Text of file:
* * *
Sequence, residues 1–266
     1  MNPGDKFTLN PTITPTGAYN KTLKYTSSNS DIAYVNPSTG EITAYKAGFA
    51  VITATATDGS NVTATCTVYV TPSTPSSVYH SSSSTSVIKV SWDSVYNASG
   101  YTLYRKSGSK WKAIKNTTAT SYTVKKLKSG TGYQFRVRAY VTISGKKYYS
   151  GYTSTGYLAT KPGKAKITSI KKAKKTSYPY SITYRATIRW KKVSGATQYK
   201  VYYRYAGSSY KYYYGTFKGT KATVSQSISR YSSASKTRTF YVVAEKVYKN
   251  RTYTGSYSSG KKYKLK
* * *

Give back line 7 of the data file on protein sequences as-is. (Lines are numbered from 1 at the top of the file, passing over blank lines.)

   251  RTYTGSYSSG KKYKLK